Every newly elected government encounters the dilemma of having to deliver on promises made to voters to get themselves elected in the first place. Pakatan Harapan found themselves in this position upon forming the government in May 2018.
And as with all newly elected governments, pressure from voters can lead to new governments hastily making erroneous decisions. The plan to selectively and partially deliver on the PH election manifesto promise to abolish tolls is one such example. This pledge especially excited some voters and has been much talked about by the public since.
Hence, while the prime minister and others concede that the manifesto was prepared by a small group without much consultation, even within PH, some quarters claim to be acting in pursuit of this specific commitment.
As well meaning as the government’s intentions may be, there are major concerns with the steps they are taking that should make the leadership seriously reconsider the announcement before they proceed.
Liquidating Gamuda cash cows
The Ministry of Finance’s plans involve taking over four toll concessions — Kesas, SPRINT, SMART and the Damansara-Puchong highway (LDP) — for a steep sum of RM6.2 billion.
Three of the four currently belong to Gamuda. To fund the purchase, a special-purpose vehicle (SPV) will be created to issue bonds to raise the capital required.
The first of many questions is regarding timing. Finance Minister Lim Guan Eng has acknowledged that the toll concessions will expire in 9 to 23 years, with LDP and Kesas expiring in 9 to 11 years. To take over these highways, when there is relatively little time left, seems unnecessary.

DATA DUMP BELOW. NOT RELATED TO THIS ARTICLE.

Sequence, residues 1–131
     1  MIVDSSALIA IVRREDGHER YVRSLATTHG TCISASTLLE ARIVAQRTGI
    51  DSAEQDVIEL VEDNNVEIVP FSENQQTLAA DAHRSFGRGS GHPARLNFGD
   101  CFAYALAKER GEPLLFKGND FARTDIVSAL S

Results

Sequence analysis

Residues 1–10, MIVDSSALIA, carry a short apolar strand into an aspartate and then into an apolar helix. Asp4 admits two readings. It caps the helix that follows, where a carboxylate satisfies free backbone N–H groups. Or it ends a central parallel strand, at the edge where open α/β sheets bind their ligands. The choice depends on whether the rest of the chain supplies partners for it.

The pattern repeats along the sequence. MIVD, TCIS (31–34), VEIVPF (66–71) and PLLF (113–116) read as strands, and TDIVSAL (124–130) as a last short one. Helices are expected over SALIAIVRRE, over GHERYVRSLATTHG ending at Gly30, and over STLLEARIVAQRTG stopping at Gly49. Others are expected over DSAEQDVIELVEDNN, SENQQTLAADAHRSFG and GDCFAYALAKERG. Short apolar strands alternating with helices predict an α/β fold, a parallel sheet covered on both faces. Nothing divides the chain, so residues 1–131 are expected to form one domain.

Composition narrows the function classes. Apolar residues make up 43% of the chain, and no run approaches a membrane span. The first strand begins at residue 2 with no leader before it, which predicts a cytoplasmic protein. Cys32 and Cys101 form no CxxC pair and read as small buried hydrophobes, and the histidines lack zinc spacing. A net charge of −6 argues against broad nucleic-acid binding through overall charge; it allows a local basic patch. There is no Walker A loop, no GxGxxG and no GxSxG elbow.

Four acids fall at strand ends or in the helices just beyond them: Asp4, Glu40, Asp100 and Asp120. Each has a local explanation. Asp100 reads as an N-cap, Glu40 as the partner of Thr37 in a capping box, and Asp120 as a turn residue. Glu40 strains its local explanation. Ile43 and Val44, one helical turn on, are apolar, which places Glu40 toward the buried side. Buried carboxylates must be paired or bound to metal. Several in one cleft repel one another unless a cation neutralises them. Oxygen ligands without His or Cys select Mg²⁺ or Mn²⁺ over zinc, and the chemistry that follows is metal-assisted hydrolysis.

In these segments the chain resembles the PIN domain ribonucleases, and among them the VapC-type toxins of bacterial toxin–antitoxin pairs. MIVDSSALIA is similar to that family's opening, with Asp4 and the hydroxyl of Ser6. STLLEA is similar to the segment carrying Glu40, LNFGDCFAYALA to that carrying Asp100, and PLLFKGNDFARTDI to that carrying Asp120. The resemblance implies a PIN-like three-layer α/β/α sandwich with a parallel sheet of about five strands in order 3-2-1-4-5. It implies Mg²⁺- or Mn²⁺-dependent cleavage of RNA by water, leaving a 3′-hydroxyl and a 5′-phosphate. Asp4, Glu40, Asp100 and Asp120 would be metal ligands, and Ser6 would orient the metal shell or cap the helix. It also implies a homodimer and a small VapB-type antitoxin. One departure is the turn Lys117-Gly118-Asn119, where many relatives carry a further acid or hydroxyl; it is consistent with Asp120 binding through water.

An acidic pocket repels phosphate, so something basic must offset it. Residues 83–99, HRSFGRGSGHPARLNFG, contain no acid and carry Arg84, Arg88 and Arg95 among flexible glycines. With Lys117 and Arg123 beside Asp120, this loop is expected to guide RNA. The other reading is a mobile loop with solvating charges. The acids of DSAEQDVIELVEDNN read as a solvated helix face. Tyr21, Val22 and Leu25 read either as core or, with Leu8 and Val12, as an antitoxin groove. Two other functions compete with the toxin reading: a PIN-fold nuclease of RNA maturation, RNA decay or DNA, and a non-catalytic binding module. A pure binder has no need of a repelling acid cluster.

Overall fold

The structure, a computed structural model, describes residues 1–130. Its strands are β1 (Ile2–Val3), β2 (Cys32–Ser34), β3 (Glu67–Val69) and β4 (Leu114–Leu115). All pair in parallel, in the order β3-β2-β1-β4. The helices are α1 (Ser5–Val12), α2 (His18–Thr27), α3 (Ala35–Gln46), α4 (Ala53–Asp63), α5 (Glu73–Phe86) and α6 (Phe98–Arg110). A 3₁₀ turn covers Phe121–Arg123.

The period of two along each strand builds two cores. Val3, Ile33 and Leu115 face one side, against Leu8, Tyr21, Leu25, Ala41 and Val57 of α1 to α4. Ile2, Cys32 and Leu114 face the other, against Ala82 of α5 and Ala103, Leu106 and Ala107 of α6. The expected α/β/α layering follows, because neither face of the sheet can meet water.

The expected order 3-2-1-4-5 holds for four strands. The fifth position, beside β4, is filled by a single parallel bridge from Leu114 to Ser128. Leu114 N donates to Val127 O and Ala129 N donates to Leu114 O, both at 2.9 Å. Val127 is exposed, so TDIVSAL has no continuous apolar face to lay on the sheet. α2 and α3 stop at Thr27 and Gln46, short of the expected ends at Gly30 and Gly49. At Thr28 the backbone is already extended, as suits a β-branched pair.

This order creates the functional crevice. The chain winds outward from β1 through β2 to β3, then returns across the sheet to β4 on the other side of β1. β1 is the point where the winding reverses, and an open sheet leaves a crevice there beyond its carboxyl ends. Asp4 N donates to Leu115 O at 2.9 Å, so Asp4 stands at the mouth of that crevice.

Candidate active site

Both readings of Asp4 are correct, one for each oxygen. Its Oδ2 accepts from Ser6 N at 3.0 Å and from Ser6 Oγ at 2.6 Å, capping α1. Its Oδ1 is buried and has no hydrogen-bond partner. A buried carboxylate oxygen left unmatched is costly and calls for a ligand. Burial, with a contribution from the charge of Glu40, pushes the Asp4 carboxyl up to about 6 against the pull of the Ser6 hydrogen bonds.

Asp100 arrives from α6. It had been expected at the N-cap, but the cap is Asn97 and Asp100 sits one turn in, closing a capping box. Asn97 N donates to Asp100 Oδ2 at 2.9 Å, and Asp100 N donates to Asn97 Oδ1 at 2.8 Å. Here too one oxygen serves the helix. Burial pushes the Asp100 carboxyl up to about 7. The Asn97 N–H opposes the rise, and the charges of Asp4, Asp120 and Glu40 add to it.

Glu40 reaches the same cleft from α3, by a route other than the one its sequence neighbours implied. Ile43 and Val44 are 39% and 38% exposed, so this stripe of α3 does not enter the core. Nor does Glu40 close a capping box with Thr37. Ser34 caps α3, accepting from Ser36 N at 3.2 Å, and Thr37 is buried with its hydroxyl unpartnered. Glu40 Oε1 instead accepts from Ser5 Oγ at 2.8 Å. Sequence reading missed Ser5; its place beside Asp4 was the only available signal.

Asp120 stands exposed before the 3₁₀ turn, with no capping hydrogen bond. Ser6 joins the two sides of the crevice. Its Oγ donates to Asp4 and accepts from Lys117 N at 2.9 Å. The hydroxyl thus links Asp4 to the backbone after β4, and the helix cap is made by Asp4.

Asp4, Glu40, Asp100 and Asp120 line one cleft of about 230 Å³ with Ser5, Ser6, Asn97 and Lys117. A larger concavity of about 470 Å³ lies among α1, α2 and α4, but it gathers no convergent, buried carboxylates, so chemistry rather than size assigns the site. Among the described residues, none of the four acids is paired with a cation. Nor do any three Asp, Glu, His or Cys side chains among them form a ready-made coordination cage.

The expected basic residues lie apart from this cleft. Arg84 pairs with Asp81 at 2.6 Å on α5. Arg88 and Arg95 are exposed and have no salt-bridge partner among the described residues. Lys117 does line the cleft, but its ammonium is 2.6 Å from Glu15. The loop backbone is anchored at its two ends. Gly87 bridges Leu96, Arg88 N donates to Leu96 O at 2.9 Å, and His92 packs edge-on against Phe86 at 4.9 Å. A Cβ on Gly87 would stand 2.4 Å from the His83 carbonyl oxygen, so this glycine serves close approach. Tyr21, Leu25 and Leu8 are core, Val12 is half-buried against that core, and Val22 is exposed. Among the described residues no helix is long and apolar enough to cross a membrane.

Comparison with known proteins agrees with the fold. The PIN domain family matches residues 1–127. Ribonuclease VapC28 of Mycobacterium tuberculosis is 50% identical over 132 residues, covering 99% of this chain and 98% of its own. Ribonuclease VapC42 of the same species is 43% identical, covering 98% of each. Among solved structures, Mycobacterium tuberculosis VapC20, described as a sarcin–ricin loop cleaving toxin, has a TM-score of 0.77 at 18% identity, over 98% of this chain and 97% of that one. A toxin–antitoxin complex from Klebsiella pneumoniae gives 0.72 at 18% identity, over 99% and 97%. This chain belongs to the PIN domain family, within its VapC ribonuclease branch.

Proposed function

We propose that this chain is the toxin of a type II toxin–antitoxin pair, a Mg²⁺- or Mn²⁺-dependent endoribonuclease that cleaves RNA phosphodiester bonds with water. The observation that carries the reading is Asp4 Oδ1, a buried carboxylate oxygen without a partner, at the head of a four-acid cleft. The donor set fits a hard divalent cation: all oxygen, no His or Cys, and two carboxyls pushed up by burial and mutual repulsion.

It might win the government some goodwill from beneficiaries, but with concerns over our massive national debt, raised by the finance minister himself, PH must not fall prey to short-termism for the sake of a dubious popularity boost. Is it really worth spending that much for a toll concession that will expire soon anyway?
Perhaps the most puzzling issue is the RM6.2 billion valuation of the tolls. There is a legitimate worry that the government is paying far too much.
Traffic flows have already been declining on the four highways, with a reported average fall of 2.8% in the last financial year. If traffic continues to fall at this rate, the SPV’s revenues will also drop in the coming years.
And if money is short, as the minister says, then why spend it on taking over an existing asset, which would benefit users of selected routes in the Klang Valley, rather than on funding something the nation needs, for example, healthcare financing, a universal school meal programme, better public transport or a strategic new industry.
What about the means for funding the acquisition? Is issuing government-guaranteed bonds responsible, or too reminiscent of the government-guaranteed liabilities the Barisan Nasional was much criticised for?
At the relevant average cost of funds of 3.5% for fixed income papers maturing in 3 to 10 years, the SPV will need to pay interest of about RM220 million yearly.
While the first toll concessions were widely objected to when first introduced three decades ago, much of the initial objections were over how the government favouring an Umno-controlled company over another bumiputera engineering firm.
Other criticisms were the generous terms given to the toll highway concessionaire which assured them of handsome profits, as has become the practice since. Now, this earlier BN government generosity raises the cost of buying back these toll concessions.
Will the SPV purchase of the tolls really benefit the rakyat? It will certainly benefit the toll companies. If these tolls are scrapped, many toll highway users will save a bit every day. With the imposition of the proposed congestion charges, however, benefits to the public from scrapping the tolls will be reduced.
Nazran Zhafri Ahmad Johari has a law degree from University College London and is currently with Khazanah Research Institute